November 17, 2018
Scientism claims that it has cognitive superiority over all other fields of knowledge and study. But what if there are things that we can know with greater certainty, and in different ways, than we know the claims of the hard sciences?
Consider the importance of the laws of logic and of basic mathematics. But what is it about these areas of knowledge that set them above science? They have two characteristics that are worth noting.
First, the laws of logic and basic mathematics are known in an a priori manner, by direct rational intuition or awareness, without appealing to sense experience to justify them. One can just “rationally see” that the basic laws of logic and math are true. And just like a doctor, a trained logician or mathematician is able to “rationally see” more when looking at a chain of logical or mathematical reasoning than is an untrained layperson. His intuitive awareness stretches beyond that of those who are untrained.
By contrast, the theories and laws of science are, in one way or another, known in an a posteriori fashion, eventually requiring an appeal to observation and sense experience. And for any set of observational data, there is always more than one law or theory consistent with those data. This does not mean that, in such cases, there is no law or theory that is superior to its rivals. But that claim must be made by appealing to cognitive values like simplicity, empirical accuracy, predictive success, scope of explanatory power, and so forth.
And sometimes, if there are two rival theories, advocates of one theory may elevate one value (e.g., simplicity) while the advocates of the rival theory elevate another value (e.g., scope of explanatory power). When this happens, it often becomes hard to know which theory is the best one. It is generally (though not universally) agreed that greater rational certainty is available for a priori truths than for a posteriori truths.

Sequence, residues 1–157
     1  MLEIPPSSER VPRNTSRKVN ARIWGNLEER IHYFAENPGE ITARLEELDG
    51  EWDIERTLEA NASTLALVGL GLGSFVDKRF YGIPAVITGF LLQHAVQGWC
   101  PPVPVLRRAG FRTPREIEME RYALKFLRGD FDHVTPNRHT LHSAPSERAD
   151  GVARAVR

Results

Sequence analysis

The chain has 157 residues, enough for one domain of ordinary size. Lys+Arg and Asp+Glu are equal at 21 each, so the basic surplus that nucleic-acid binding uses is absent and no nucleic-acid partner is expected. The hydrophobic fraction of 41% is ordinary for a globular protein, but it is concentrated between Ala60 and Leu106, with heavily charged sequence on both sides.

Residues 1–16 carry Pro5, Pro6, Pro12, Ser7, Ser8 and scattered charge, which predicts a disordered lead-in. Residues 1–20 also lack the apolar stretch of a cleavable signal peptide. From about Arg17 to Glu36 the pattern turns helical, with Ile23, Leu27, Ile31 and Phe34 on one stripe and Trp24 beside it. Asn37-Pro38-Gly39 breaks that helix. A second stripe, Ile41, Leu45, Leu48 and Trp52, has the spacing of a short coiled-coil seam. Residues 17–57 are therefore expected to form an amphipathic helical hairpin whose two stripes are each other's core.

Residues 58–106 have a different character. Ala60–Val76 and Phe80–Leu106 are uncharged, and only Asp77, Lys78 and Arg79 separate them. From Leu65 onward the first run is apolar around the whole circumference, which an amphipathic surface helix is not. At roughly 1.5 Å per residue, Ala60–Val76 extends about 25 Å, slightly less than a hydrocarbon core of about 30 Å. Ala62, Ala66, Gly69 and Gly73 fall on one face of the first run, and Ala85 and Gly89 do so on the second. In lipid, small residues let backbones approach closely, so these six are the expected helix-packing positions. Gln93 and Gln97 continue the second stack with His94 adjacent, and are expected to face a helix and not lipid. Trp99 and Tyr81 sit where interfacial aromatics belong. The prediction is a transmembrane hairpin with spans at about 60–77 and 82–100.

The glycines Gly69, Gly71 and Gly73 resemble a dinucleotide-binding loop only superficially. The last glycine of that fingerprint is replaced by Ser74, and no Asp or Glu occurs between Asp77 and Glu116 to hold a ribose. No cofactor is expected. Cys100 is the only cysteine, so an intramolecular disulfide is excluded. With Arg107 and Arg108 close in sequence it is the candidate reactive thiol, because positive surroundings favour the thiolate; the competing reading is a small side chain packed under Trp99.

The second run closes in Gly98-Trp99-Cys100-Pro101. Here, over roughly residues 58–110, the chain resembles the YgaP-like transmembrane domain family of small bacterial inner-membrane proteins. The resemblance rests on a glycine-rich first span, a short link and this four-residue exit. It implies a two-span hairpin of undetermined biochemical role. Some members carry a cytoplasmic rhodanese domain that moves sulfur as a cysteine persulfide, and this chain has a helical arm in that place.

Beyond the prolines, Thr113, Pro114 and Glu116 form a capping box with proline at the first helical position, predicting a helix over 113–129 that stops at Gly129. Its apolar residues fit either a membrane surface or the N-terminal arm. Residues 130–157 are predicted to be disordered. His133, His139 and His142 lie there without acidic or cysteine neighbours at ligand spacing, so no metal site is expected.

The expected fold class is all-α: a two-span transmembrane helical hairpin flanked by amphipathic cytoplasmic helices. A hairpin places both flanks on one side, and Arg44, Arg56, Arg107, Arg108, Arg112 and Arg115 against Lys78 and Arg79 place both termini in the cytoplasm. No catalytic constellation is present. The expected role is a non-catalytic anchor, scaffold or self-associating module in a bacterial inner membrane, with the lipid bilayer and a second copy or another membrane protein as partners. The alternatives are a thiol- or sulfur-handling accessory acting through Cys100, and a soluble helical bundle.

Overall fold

The second characteristic of truths in logic and mathematics is that if they are true, they are necessary truths. It is impossible for them to be false. Even God could not create a world in which 2 + 2 = 57.68. God could not create a world in which something is both true and false at the same time in the same way (e.g., it is raining and not raining at a specific location and time).
By contrast, scientific truths are contingent. Even if a scientific principle is true, it could have been false. It is possible, for example, to imagine a world with different laws of nature, like a world with a different law of gravity, or a world with no gravity at all; a world with a different type of matter, or a world with no matter at all (e.g., a world with only angels in it).
Someone might object that the law stating that “water is H2O” is a necessary truth. However, this is not quite correct. To be sure, any possible world that has in it what amounts to water in our world necessarily has H2O in it. But unlike the truths of logic and basic mathematics, there could easily be worlds without any water in them at all. In those worlds, the statement “water is H2O” is false because there is no such thing as water in those worlds like water is in our world. The conditional statement “If there were water in these worlds, there would be H2O” would be true, but the basic assertion that, in those worlds, “water is H2O,” would be false.
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